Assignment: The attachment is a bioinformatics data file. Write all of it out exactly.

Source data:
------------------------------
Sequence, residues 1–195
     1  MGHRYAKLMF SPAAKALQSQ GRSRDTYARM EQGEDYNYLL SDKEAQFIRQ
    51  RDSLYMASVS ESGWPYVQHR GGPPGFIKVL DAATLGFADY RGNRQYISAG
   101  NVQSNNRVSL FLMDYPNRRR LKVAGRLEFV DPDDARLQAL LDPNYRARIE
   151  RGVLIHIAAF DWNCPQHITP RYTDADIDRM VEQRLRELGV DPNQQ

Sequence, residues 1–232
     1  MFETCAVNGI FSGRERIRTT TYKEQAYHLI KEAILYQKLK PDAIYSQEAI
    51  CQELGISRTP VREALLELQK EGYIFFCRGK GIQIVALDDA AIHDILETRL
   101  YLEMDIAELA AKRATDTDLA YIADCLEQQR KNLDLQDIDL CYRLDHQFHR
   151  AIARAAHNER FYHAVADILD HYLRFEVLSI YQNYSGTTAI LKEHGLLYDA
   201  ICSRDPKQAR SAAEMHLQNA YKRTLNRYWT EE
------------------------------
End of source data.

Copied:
Sequence, residues 1–195
     1  MGHRYAKLMF SPAAKALQSQ GRSRDTYARM EQGEDYNYLL SDKEAQFIRQ
    51  RDSLYMASVS ESGWPYVQHR GGPPGFIKVL DAATLGFADY RGNRQYISAG
   101  NVQSNNRVSL FLMDYPNRRR LKVAGRLEFV DPDDARLQAL LDPNYRARIE
   151  RGVLIHIAAF DWNCPQHITP RYTDADIDRM VEQRLRELGV DPNQQ

Sequence, residues 1–232
     1  MFETCAVNGI FSGRERIRTT TYKEQAYHLI KEAILYQKLK PDAIYSQEAI
    51  CQELGISRTP VREALLELQK EGYIFFCRGK GIQIVALDDA AIHDILETRL
   101  YLEMDIAELA AKRATDTDLA YIADCLEQQR KNLDLQDIDL CYRLDHQFHR
   151  AIARAAHNER FYHAVADILD HYLRFEVLSI YQNYSGTTAI LKEHGLLYDA
   201  ICSRDPKQAR SAAEMHLQNA YKRTLNRYWT EE